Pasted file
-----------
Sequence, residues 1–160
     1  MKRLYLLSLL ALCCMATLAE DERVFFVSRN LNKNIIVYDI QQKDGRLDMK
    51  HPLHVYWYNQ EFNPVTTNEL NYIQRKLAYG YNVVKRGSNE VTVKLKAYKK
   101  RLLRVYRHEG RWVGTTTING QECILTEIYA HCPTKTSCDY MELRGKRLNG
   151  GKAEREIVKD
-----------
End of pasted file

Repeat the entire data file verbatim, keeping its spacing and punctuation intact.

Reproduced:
Sequence, residues 1–160
     1  MKRLYLLSLL ALCCMATLAE DERVFFVSRN LNKNIIVYDI QQKDGRLDMK
    51  HPLHVYWYNQ EFNPVTTNEL NYIQRKLAYG YNVVKRGSNE VTVKLKAYKK
   101  RLLRVYRHEG RWVGTTTING QECILTEIYA HCPTKTSCDY MELRGKRLNG
   151  GKAEREIVKD